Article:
Editorial: A symbol in good standing
Some New Zealanders are at times too fond of making grand pronouncements not only about what exactly it was that our fallen soldiers did and didn't die for but also how they would undoubtedly feel about all manner of things.
We'll grant you this, however. If those departed men and women are somewhere out there and still paying attention, news that the manufacture and distribution of the commemorative Anzac poppy is returning to New Zealand - and the embattled Christchurch - will go down well with them.
As it does with the rest of us, for reasons more profound than easily-evoked jingoism.
Those poppies are among the most potent symbols in our society. For that reason it also seemed hugely symbolic, and not in a good way, when the contract for their production went offshore for three years.
We were assured that it made financial sense and that since the final proceeds went back to welfare support, the change would result in greater practical benefit for the nation's veterans.
Maybe so, but the awareness that we couldn't undertake even so quietly grave a task as this among ourselves sat badly with more than the crusty and cantankerous.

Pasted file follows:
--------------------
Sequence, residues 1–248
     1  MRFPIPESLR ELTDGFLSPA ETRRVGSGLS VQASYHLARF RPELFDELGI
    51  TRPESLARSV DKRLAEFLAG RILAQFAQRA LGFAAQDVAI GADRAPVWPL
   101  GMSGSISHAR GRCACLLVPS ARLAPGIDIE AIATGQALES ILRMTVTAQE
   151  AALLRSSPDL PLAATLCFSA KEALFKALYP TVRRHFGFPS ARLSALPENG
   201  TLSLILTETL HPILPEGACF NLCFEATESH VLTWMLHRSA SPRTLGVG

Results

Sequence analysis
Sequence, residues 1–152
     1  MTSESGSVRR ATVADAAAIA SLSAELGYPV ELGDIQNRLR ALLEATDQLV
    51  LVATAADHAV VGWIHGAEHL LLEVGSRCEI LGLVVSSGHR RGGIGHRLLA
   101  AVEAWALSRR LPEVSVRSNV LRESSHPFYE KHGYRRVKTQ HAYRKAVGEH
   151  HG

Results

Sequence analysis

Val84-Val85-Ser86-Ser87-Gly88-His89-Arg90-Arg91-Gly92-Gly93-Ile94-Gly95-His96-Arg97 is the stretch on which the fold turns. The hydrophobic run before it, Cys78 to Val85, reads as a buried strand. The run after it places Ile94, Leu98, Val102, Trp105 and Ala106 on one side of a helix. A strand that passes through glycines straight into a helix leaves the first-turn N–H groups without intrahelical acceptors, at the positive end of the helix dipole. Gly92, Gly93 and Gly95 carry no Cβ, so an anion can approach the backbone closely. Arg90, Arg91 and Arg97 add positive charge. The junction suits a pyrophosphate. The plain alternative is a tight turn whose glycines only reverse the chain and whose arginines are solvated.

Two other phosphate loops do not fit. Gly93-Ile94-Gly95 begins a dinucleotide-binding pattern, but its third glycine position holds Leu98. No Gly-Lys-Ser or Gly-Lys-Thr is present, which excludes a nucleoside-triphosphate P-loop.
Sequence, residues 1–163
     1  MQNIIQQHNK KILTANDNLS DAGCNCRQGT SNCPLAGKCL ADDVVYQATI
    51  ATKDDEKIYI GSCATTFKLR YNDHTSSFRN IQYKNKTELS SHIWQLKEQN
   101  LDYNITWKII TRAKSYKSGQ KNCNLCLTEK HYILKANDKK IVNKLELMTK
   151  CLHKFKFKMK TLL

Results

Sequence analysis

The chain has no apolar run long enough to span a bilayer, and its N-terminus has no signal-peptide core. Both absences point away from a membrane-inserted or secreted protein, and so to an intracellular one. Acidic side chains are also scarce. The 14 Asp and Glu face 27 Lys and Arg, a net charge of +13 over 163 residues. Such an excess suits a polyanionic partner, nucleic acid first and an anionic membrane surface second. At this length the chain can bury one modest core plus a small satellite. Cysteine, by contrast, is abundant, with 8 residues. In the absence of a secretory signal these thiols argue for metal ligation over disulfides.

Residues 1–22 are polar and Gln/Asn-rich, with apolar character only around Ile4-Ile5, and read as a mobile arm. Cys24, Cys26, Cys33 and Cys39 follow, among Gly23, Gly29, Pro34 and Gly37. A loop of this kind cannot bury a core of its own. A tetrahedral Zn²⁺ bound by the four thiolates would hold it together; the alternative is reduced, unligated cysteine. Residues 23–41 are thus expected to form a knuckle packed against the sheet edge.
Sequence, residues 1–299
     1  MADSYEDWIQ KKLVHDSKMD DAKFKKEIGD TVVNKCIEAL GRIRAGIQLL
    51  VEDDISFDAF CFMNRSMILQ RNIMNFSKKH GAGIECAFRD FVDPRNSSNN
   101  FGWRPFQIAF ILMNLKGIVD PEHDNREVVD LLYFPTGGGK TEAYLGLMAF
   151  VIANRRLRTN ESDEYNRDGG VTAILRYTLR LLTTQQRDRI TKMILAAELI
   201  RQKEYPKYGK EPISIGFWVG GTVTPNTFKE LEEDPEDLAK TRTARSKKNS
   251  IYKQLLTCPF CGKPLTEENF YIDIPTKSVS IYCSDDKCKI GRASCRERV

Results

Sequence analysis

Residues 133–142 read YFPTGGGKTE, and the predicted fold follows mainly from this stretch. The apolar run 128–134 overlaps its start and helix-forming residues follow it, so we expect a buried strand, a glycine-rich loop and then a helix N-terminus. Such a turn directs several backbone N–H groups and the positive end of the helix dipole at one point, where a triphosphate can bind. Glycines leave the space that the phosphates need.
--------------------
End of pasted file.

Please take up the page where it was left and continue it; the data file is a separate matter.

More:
Some stopped buying them altogether. Others - and this was better - gave the collectors a donation but declined the poppy itself.
Happily the Christchurch RSA, having lost the contract, didn't lose its heart in this matter, nor in the subsequent challenges that came from the earthquake and subsequent insurance fight. Its latest tender has proven successful.
The bottom-line poppy proceeds are spent on welfare initiatives ranging from cataract surgery to transport for hospital appointments, mobility scooters, funerals, even a recent firewood delivery to a flooding victim. It's good stuff.
Whether or not people might have, or should have, reacted with greater equanimity to the initial decision by the RSA national executive, the fact remains that when the poppies go on sale next year the reasons to buy them will be as compelling as they have ever been.
The Southland Times